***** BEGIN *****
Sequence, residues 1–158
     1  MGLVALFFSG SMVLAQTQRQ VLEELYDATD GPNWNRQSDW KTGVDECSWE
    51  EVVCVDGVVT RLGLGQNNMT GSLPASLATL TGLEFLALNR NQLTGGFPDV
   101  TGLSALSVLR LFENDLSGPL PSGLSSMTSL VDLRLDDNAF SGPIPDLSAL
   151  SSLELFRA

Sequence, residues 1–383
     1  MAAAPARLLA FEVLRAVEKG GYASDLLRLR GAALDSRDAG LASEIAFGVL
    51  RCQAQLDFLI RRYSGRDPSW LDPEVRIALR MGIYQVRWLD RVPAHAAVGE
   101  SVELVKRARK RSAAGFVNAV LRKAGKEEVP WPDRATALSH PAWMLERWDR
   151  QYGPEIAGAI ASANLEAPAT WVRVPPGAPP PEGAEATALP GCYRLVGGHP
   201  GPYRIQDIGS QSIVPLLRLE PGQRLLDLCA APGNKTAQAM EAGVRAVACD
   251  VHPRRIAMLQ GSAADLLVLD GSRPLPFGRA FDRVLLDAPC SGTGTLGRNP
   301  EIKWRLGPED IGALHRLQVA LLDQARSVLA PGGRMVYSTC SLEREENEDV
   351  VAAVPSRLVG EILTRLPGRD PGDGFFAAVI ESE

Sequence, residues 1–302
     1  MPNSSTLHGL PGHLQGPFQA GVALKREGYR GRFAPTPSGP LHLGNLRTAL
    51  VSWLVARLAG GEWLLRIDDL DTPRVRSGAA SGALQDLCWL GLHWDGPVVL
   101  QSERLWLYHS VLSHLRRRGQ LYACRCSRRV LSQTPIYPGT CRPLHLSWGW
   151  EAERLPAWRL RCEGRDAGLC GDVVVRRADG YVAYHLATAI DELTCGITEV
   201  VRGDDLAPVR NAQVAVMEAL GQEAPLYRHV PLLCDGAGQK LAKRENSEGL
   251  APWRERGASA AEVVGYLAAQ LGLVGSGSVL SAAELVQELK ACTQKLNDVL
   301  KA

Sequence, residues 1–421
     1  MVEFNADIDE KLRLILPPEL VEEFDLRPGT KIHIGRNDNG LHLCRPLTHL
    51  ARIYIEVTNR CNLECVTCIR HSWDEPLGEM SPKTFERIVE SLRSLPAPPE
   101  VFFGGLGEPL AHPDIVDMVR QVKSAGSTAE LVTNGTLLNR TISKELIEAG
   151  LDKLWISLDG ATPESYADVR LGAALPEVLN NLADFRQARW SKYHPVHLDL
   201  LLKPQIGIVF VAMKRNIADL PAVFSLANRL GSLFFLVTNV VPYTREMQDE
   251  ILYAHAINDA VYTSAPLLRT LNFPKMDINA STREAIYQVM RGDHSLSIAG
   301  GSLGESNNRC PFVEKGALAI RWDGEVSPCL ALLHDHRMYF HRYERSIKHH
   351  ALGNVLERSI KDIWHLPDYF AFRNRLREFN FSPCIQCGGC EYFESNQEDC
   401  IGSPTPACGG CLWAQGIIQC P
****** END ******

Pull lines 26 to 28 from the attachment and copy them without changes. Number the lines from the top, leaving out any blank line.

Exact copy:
   101  VFFGGLGEPL AHPDIVDMVR QVKSAGSTAE LVTNGTLLNR TISKELIEAG
   151  LDKLWISLDG ATPESYADVR LGAALPEVLN NLADFRQARW SKYHPVHLDL
   201  LLKPQIGIVF VAMKRNIADL PAVFSLANRL GSLFFLVTNV VPYTREMQDE